Monday, June 27, 2011

Sudden Death

A man died in front of our factory as a result of major road accident. Another one may yet die from his injuries.

The highway that fronts us is a major road traveling northward and eastward - it is well-paved but does not have the features that makes other highways safer.

Death is like a thunderbolt - or in this case, like an accident that happens in a split second.

Saturday, June 25, 2011

After Hours

my background music: Bamboo

I am staring at the screen and no words come to mind.
Blank, devoid of anything original.
My only wish is that I had exchanged this lack of spark for endorphins from exercise rather than a long day of discussions.
But I am getting used to this.
If only I can settle my moving in to a new flat the soonest.
Yeah, maybe that will turn the trick.
Finally, payday is coming round the block.

Tuesday, June 21, 2011

From the Heights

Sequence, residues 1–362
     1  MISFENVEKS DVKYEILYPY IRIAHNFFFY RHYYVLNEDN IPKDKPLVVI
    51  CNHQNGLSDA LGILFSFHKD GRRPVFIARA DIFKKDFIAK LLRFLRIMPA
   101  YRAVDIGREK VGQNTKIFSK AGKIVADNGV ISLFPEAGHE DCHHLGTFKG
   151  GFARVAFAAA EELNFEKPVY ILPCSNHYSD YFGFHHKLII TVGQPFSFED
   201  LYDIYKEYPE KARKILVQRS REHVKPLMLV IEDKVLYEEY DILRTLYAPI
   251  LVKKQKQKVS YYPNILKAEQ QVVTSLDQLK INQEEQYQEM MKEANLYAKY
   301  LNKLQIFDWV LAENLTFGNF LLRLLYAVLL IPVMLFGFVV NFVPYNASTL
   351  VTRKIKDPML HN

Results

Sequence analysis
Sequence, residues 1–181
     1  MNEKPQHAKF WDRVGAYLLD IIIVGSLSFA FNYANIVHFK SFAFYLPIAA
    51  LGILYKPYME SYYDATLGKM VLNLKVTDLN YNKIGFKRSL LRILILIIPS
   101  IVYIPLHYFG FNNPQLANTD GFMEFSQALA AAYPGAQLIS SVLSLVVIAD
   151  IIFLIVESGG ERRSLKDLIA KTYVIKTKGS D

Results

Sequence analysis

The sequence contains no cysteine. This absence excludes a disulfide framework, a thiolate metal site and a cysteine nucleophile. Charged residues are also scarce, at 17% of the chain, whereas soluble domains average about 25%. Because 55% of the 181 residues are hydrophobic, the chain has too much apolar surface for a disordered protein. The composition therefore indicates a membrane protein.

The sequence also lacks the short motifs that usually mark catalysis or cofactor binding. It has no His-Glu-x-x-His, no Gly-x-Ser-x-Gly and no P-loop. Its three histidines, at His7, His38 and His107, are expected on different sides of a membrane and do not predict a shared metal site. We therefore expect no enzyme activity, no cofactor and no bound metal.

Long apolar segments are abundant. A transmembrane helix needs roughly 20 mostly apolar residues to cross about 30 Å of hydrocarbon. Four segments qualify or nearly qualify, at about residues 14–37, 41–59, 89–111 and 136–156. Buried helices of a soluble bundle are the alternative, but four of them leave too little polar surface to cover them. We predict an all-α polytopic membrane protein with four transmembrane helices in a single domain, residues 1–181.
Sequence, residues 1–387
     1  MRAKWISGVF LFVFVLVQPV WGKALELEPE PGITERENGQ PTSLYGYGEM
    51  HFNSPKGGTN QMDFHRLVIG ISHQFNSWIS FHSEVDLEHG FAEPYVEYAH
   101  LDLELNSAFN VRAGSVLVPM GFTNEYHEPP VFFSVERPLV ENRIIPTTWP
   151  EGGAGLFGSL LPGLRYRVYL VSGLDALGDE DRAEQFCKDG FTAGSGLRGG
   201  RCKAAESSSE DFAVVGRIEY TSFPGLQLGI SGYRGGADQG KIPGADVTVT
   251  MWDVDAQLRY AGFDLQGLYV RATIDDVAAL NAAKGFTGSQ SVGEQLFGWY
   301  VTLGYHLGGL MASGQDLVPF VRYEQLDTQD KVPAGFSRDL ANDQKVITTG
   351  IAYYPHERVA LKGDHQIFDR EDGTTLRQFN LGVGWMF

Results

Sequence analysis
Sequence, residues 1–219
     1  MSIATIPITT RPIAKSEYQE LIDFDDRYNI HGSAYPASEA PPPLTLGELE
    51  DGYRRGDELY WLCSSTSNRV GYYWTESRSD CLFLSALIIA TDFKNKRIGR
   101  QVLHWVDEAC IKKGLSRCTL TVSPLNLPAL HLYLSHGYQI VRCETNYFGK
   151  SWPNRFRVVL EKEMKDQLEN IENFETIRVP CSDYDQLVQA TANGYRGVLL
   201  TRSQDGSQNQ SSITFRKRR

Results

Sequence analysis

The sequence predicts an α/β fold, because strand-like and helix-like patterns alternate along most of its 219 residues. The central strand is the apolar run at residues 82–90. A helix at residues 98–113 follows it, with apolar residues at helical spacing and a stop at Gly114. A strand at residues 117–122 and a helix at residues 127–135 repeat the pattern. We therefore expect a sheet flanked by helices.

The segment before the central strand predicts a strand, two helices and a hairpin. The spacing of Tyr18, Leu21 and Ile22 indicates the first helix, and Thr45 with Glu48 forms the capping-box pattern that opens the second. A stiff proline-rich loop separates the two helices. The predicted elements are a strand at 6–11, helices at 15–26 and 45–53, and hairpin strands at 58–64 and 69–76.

This is the sunset view from a hilltop overlooking the city of Cairo. I took this with my cellphone camera during my last trip to Egypt Dec 2009/Jan 2010. Not a great shot, given the limitations of my lens and the overall lighting. I just like to think what the view means - a) I actually got to travel to Egypt, even though it was mostly for work, and b) The view from any height has a sense of majesty.

It was Father's Day last Sunday and I found little time to think about my own father. It was almost half a lifetime ago when he passed away, and yet pausing to think about him on some basis is like looking at myself at the mirror for ten straight minutes. I don't have that kind of vanity. I just fall into the habit of acting and speaking the way I remember him doing. To honor him is to do right by what I was given. I may not have had the privileges of some, but I was privileged with the desire to learn.